UK Housing Market Gains Cloud Over As Rate Cut Expectations Fade

The recent recovery in the UK housing market could be short-lived, according to a Bloomberg Economics report. The analysis suggests that a shift in investor sentiment regarding interest rate cuts by the Bank of England (BOE) poses a threat to the upward trend in house prices.

Earlier this year, hopes of significant rate cuts fueled a surge in buyer demand. Cheaper borrowing costs made homeownership a more attractive option for many. Data from Rightmove, an online property portal, indicated the strongest rise in asking prices in a year for April [source]. Surveyors also reported growing optimism about new buyer interest.

The outlook has become clouded by recent pronouncements from BOE officials. Their warnings about persistent inflationary pressures have caused investors to scale back their expectations for rate cuts. At the beginning of 2024, traders were anticipating as many as six quarter-point cuts throughout the year. This has now been revised down to just two cuts.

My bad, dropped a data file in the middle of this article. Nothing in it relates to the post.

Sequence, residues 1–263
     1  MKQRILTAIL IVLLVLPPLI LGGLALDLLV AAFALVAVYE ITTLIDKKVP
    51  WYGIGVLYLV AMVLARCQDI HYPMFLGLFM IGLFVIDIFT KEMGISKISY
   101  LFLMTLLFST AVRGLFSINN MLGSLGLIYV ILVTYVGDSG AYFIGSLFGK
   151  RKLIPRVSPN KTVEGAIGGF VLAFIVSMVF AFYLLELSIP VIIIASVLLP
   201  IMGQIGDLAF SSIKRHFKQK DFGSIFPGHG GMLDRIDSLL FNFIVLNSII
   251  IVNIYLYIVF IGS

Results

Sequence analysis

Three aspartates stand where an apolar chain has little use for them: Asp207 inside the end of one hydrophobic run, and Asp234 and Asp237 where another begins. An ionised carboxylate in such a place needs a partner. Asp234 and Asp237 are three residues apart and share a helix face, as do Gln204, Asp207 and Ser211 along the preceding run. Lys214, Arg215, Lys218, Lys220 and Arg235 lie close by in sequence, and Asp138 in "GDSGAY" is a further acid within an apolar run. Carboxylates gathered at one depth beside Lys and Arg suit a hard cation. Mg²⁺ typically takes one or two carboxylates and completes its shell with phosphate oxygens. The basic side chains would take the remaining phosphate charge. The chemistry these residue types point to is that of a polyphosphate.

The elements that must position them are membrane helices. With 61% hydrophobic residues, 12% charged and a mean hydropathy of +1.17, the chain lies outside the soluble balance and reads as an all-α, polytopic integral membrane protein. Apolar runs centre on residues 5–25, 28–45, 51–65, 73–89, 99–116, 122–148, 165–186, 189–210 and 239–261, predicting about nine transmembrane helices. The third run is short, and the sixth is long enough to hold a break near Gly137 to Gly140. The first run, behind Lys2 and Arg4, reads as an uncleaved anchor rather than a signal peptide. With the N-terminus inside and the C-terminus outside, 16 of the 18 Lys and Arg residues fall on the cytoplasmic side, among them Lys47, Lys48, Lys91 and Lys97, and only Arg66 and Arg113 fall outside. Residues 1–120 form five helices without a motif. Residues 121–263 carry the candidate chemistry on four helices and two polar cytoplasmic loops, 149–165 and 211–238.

Bloomberg Economics predicts a decline in interest rates to 4% by year-end, lower than the current 5.25%. This suggests a steeper fall in mortgage rates than currently priced in by the market. Despite this, the report’s author, Niraj Shah, highlights the potential dangers: “The housing market is at a delicate juncture. If the recent reevaluation of the interest rate outlook holds true, then housing demand could be negatively impacted, raising the risk of a reversal in the recent house price recovery.”

Even if prices remain stable, affordability could become a significant concern. Bloomberg Economics estimates that a larger portion of household income would be dedicated to mortgage payments compared to the pre-2007 financial crisis period. This is in contrast to earlier forecasts suggesting mortgage affordability metrics would improve.

The report acknowledges that some lenders are introducing measures to aid buyers in managing costs, such as accepting smaller deposits. However, the overall conclusion is that the recent rise in swap rates, which influence mortgage products, presents a risk to the housing market’s stability.


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